While the film is very, very good, I'm not sure that the director pulled off the trick completely. I think his missed the mark of greatness. The subplots got a little busy and soap-opera-ish, in my opinion.
There was an unrelated suicide, something about a terrorist attack. Apparently some statement on gay rights. Quasi-incest. Heroin smuggling. I dunno. I didn't see the point in all of that.
The story of the gay son of the customs agent and his Turkish Canadian lover was over the top, out of place. Was the intent seriously to compare the plight of a middle class gay couple in Toronto in 2001 to the horrors of Lake Van in 1915? I hope not, for that would be the worst sort of blasphemy.
Also the story of the young Armenian Canadian protaganist and his semi-incestuous relationship with his step-sister was just bizarre. What was the point of that?
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36 of 44 people found the following review helpful By A Customer on December 6, 2002
Verified Purchase
an armenian friend called me two weekends ago and invited me to see 'ararat'. he warned me that the movie's subject is genocide. although this isn't something i usually venture into the theaters for - i tend to use hollywood to escape reality - i went anyhow...
this is the third egoyan movie i have seen in a theater - exotica was my first, the sweet hereafter was my second. each was a unique experience and i truly can say cannot be compared to ararat.
ararat is a MOVIE about a HISTORICAL event validated by scholars, historians, eyewitnesses from the united states, england, france, germany, russia, etc. and even turkey. there is no doubt that the armenian genocide took place. the exact circumstances, motivations, numbers murdered, etc. are questioned - true. but the fact remains that a planned genocide by the turks against the armenians took place and this movie chronicles some of the horride eyewitness stories. the one i can still see when i close my eyes is the rape scene...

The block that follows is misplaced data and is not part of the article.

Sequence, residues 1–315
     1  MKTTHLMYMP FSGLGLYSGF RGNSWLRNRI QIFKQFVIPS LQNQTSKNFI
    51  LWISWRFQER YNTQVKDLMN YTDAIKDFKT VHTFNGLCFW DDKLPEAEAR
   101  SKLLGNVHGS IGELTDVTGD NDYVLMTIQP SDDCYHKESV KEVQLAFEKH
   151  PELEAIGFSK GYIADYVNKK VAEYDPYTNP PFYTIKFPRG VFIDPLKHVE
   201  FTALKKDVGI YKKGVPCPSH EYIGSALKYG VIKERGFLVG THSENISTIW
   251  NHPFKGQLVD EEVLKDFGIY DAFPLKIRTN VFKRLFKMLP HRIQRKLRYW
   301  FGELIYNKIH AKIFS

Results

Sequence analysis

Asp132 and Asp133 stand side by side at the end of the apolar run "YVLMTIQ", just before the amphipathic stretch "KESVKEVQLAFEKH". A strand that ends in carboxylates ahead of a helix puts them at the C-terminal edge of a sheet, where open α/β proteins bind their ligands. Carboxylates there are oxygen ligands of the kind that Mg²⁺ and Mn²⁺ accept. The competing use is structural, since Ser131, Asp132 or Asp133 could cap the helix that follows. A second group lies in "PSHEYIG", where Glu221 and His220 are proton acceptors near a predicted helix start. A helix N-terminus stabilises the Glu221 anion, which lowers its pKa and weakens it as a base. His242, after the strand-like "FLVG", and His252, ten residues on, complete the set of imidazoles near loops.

now... i read the other reviews that were posted here before i went to type mine. i have to say that the reviews written against ararat were obviously politically motivated and seemingly anti-armenian. it is juvenile bickering at its best...
do you know what still hurts? the hatred.
see the movie. stop the animosity. begin the healing. enrich your knowledge of world history.
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36 of 45 people found the following review helpful By Jeffrey Leach HALL OF FAME on February 6, 2004
Format: DVD
The Armenian genocide constitutes one of the twentieth century's most shameful incidents. Largely forgotten today due to later, better publicized exterminations, the systematic killing of some one million Armenian people by the crumbling Ottoman Empire in 1915 still stirs controversy today. Turkey goes to great lengths to deny such an atrocity ever took place, but Armenian survivors and their descendants know better. The reasons for this event involved Ottoman politics of the time, with the rise of the reformist Young Turk movement within the Ottoman political system and its "promise" about granting autonomy to ethnic and religious minorities. In a case of "meet the new boss, same as the old boss," the Young Turks soon reneged on their promises and began a series of suppressions. Armenia suffered the most from the Young Turks sudden political reversal. Only with the defeat and dismemberment of the Ottoman Empire after World War I did the genocide end. President Woodrow Wilson redrew the boundaries of Armenia, a process that angered the Turks and directly led to the current revisionism concerning the massacre. Atom Egoyan's film "Ararat" deals directly, and indirectly, with this horrific historical event.
Thanks to an individual who really knows her stuff about film, I decided to pay a visit to Atom Egoyan. "Ararat" was my first choice, and a good one at that even though the film is often confusing--often wonderfully so--in structure. The primary reason for this concerns the numerous storylines weaving their way through the tapestry of the film.